Whereas the Attorney/Solicitor General of the Government of the Republic of Zambia was notified by learned Counsel the plaintiff M/s Bwahama and Company, Advocates vide their letter with reference YKB/NS/CIM/MSC/ZRP/1 dated 26/3/2003 i.e. annexture *G' to the plaint, the Attorney General of the Government of the United Republic of Tanzania who is its legal adviser was not notified.
The suit is also an embarrassment to our Government as it was filed after the Government of the Republic of Zambia through its Permanent Secretary (Planning), Ministry of Finance and National Planning Mrs. Mukuka L.N. Zimba had written a letter with Ref MFAL/101/18/19 dated 16/12/2002 addressed to the Managing Director of the Plaintiff's Company informing him that the Government of the Republic of Zambia was unable to settle the outstanding amount of US$195,224.39 in respect of the supply of Mt.4,540.10 of maize before the close of the year due to revenue constraints, and that it is aware of its obligations as stipulated in the Memorandum of Understanding and endeavours to settle its outstanding dues as soon as funds are available.
Due to the fact that the Government of the United Republic of Tanzania was the High Powered Contracting Party in the Agreement for the supply and sale of maize to the Government of the Republic of Zambia, the procedure which ought to have been followed by the plaintiff before instituting the suit against the Government of the Republic of Zambia for breach of the Memorandum of Understanding and the Agreement was to notify the Attorney General of the Government of the United Republic of Tanzania about its intention to do so. Such notice ought to have been made after consultation with him and the Food Security Department of the Tanzania Ministry of Agriculture "the seller". Also, before instituting the suit, the plaintiff had to follow the detailed procedure laid down in the relevant Government Proceedings Legislation of Zambia which has to be followed by any one who wants to sue it. As the aforesaid procedure was not followed, I uphold the third point of preliminary objection.
I now proceed to the fourth point of preliminary objection. On this point, it was submitted by learned Counsel for the defendants that as clause 9 of the Agreement for supply and sale of maize entered between the Government of the United Republic of Tanzania on the one part, and the Government of the Republic of Zambia on the other part, provides for Arbitration, the parties had to go for Arbitration before taking any other course of action.
I also agree with the above submission by learned Counsel for the defendants. Clause 9 of the Agreement for supply and sale of maize made between the two Governments is crystal clear. It reads as follows:
This contract shall be executed by the parties in good faith, and in case any dispute arises concerning interpretation or execution of the contract, such matters shall be settled through mutual consultations by the parties".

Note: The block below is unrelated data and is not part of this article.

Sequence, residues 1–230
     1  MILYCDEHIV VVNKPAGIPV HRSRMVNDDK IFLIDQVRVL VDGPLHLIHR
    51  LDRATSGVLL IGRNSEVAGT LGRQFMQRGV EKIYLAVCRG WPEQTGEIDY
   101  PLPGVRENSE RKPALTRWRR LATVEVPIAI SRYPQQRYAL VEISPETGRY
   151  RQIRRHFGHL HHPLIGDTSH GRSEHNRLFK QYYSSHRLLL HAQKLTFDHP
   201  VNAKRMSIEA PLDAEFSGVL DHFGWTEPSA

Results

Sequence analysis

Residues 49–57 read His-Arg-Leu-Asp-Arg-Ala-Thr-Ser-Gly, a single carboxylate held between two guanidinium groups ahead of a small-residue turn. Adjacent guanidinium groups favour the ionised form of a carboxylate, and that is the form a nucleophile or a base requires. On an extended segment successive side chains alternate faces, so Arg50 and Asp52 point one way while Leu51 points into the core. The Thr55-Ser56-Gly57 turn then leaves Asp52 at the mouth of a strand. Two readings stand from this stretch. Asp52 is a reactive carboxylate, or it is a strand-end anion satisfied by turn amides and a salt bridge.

A careful reading of the above quoted clause will show that the parties to the contract are required to execute it in good faith and any dispute arising therefrom regarding interpretation or execution has to be settled through mutual consultations by the parties.
In my view, the manner in which the plaintiff sought to execute this contract is contrary to the said clause. Instead of applying good faith, it applied threats to sue the Government of the Republic of Zambia for payment of US$195,224.39 for the maize delivered by it to Zambia Government in July and August, 2002. Due to the fact that the Government of the Republic of Zambia was willing to pay the said amount and had promised to pay when the funds are available, such application of threats was contrary to good faith and mutual understanding. Also, instead of settling the dispute through mutual consultations, the plaintiff resorted to have it settled through adversarial court system. As the Agreement gives room for Arbitration, it was unnecessary for the plaintiff to resort to court action. Such unnecessary step is not only embarrassing but it is also likely to interfere with the noble commitment by both Governments to improve food security in their respective countries as expressed in the preamble to the Agreement signed by both of them.
The question as to whether or not this court has jurisdiction to entertain the suit was not raised in the preliminary objection. For this reason, I have decided to avoid any comment on it. In general, I agree with learned Counsel for the defendants that the suit is improperly before this court and I hereby dismiss it with costs.
Delivered this 13* day of October, 2004 in the presence of the parties representatives.